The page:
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Buying a new mini-lathe... advice please...

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#21
I know everyone says to go bigger than the 7x12. I have a Harbor Frieght 7x12 and it has done everything I needed to do. If you want to go bigger and the money is not an issue then go for it, I am sure you will not be disappointed. I had to please the wife as well and the 7x12 is about all I could get away with. But it has done everything I wanted and can't complain.
 

KleinToit

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#22
Like most people, money is a big consideration (otherwise I would just buy myself a bucket load of Dunhill's and BST's). I think the 10" x 17" will do and it gives me an option to extend the bed by another 21" for turning almost anything.

Another thing, should I just get a couple of loose chisel's or should I start off with a set? I'm thinking a set would be good as I will probably make more than just pipes.
 

maddis

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#23
I think more important than the type/number of chisels, is keeping whatever you have sharp and knowing how to use it. Starting simple (e.g., a parting tool and a 3/8 gouge spindle gouge, or a smallish skew), is a good way to go. If you can keep those nice and sharp, and use them appropriately, you'll figure out what other tools you want/need depending on what you're trying to do.
 

KleinToit

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#24
I am a bit of a savant at keeping things sharp... Axes, knives, drill bits, even saw blades, so that would not be a worry. The safety thing is something that I am concerned about but not overly so. I found some M.I.T. video clips that shows some Lathe safety tips but most of it is pretty much common sense for me having worked with power-tools a lot (logging and a furniture factory floor-manager for a couple of years)
 

maddis

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#25
I am a bit of a savant at keeping things sharp... Axes, knives, drill bits, even saw blades, so that would not be a worry. The safety thing is something that I am concerned about but not overly so. I found some M.I.T. video clips that shows some Lathe safety tips but most of it is pretty much common sense for me having worked with power-tools a lot (logging and a furniture factory floor-manager for a couple of years)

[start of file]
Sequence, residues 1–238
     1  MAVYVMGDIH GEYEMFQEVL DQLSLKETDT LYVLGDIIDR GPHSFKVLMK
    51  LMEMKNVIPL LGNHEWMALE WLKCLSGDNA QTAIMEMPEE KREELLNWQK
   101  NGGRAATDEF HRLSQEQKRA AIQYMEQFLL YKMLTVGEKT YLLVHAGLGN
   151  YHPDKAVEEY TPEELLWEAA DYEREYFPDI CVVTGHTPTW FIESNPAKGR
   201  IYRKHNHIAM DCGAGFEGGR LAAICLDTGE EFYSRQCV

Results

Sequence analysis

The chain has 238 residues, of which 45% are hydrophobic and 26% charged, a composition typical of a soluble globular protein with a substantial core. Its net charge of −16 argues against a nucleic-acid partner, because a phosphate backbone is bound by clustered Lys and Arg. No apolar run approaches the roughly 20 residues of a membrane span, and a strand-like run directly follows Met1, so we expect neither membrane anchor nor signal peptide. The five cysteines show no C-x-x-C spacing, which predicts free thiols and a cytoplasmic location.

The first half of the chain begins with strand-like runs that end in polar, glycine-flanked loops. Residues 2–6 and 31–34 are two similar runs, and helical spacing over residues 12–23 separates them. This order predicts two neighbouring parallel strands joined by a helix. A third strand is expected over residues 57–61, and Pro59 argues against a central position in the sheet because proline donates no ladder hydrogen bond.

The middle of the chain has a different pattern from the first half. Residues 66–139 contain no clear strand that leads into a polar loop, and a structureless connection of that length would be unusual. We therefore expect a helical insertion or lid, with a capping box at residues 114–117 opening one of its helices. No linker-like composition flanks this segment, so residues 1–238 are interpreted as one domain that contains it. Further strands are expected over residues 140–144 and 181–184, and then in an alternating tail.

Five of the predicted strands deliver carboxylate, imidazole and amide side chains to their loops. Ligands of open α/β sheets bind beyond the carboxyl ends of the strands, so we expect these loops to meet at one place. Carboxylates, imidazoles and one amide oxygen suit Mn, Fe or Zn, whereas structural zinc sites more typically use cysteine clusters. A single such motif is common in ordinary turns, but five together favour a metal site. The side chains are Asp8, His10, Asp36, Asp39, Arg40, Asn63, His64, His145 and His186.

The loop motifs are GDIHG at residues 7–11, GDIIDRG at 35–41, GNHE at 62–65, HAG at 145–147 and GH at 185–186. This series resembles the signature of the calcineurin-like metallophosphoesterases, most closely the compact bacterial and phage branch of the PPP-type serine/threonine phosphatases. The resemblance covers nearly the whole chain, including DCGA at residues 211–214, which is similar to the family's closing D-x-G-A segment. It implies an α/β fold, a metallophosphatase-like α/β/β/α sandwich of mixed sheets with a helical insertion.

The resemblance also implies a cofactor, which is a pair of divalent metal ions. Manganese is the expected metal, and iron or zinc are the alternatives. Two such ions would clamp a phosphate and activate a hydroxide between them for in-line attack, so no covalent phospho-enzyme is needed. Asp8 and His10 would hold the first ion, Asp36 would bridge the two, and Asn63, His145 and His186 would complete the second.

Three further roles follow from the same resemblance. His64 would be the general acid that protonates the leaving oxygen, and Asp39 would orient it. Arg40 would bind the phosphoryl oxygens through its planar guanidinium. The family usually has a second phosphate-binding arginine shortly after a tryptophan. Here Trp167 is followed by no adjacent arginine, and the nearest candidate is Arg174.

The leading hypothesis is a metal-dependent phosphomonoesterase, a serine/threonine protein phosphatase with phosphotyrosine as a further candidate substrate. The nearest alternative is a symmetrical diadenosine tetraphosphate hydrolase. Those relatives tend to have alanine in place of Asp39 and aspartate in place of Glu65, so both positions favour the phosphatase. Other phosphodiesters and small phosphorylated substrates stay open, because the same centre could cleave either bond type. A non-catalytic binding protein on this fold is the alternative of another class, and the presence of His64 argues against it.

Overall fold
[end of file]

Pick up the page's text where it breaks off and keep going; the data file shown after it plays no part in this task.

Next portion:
Sounds like you've got some helpful background that's gonna accelerate the learning curve. The one thing I'd point out, if you haven't used a lathe before, is that there is sometimes a very small boundary between the point of cut and the point of catch. Depending on the shape of the chisel you're using, and the angle at which you're approaching the turning axis, things can be perfectly fine one moment and a disaster the next - point being, understanding how relief, rake, and cutting edge are related and can be optimized is a huge help. You may know all this - I didn't and I think I was lucky not to be more seriously injured a couple of times.
 

KleinToit

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#26
Sounds like you've got some helpful background that's gonna accelerate the learning curve. The one thing I'd point out, if you haven't used a lathe before, is that there is sometimes a very small boundary between the point of cut and the point of catch. Depending on the shape of the chisel you're using, and the angle at which you're approaching the turning axis, things can be perfectly fine one moment and a disaster the next - point being, understanding how relief, rake, and cutting edge are related and can be optimized is a huge help. You may know all this - I didn't and I think I was lucky not to be more seriously injured a couple of times.
That is something I will have to learn, the two things I know is that there is never such a thing as completely safe power tool, and the other is that experience is a very good way to get into bad habits...
 

t-bear

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#27
I have an old 6" Atlas with a 4-jaw chuck. It *barely* manages my pipes, but so far, so good. Would love to have an 8-10" lathe!
 

Rodfather

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#28
I have an older Sears metal lathe. It is of a smaller size that I use to turn duck calls on. It is extremely stable and accurate. I have been wanting to try a pipe, now I must give it a shot.
 

davidmackv

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#29
I have the Rikon 70-100. It can be had for 350 on Amazon. I bought the extension bed. Here are a few things I have turned with it.



Cherry French rolling pin 20 inches long


walnut maple rolling pin



Pizza cutter handle



Shop mallet turned this out of a log out of the wood pile. So if I can turn a log you can turn a pipe.

 
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